part two: the homogenization of buddhism

This post will focus more on that issue the of whitewashing culture, of the homogenization of culture. This will bring us closer to the task at hand, namely, figuring out why this issue is important for Buddhism in the West.

But perhaps the best way to understand this is to take a step back away from Buddhism, and even a step back from race, and examine a different homogenization of culture. And we can find such an example in the current debate raging over gay marriage.

this week’s digest

Some bloggers these days post daily (or weekly) digests of things they’re reading. You don’t want some bland, decontextualized list. You want commentary. You want to read my list of depressing (and hopeful) news stories from the Interwebs, circa this week, 2009. (Oh, and I hella love Oakland.)

non-identity politics

Over the past couple of months, both online and in the real-world, the issue of identity has come up in a number conversations I’ve had. A recurring theme has been the explicit rejection of identity as a meaningful category or, more plainly, the assertion that folks don’t want to claim an identity or “don’t want to be defined” as one thing or another.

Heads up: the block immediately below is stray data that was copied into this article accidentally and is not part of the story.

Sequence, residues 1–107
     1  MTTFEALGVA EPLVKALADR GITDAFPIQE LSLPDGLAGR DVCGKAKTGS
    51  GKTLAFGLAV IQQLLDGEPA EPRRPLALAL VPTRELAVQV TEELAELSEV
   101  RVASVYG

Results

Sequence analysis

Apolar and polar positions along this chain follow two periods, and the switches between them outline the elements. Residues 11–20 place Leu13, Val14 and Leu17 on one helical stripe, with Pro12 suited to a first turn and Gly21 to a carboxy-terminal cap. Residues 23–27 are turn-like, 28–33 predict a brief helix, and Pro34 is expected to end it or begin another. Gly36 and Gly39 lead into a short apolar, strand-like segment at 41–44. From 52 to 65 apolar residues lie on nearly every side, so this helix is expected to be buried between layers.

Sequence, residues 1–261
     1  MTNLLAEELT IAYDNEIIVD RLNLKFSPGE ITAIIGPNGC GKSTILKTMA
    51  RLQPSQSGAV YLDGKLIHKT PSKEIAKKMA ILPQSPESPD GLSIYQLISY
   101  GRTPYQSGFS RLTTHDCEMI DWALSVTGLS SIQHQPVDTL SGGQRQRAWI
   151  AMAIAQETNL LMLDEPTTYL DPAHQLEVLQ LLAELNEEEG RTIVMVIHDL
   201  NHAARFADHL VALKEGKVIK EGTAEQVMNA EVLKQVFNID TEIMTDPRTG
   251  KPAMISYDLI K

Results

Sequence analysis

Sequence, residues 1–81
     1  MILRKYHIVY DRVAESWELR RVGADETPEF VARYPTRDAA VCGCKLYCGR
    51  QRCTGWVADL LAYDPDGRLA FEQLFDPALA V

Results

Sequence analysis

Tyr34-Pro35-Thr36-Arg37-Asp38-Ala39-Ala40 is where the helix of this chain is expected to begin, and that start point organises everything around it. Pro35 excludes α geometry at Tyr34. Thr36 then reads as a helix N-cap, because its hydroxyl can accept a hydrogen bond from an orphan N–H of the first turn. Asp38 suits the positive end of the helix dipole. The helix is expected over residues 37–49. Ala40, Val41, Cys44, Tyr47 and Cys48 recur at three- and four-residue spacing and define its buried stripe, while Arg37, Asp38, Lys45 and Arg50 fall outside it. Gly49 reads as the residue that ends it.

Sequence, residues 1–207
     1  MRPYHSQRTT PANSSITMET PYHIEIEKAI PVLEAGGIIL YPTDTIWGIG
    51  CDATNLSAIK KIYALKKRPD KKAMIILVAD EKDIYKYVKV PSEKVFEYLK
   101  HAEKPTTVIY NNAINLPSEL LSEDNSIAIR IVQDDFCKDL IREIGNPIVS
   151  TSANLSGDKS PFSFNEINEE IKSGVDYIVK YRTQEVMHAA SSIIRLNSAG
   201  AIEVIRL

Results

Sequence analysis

The notion of identity — and the related but different “subjectivity” — in social theory is a given, so this attitude surprised me. Which, of course, is a sure sign that even I can get a little myopic out here in the academic hinterlands.
So I thought I’d write about it, organize my thoughts, and make a case for not only the reality of your identity but its relevance to Buddhist practice.

buddha boy

So. The Buddha Boy is back.

An interesting little piece has been making the Buddhist-news rounds this week about a teenager named Ram Bahadur Bamjan in southern Nepal who has apparently been sitting around in mediation, not eating or drinking water or even sleeping, for years on end. I guess he said he was going to be in mediation for a lot longer, but decided to come out of the jungle this week to address his followers.

They say he’s the reincarnation of the Buddha.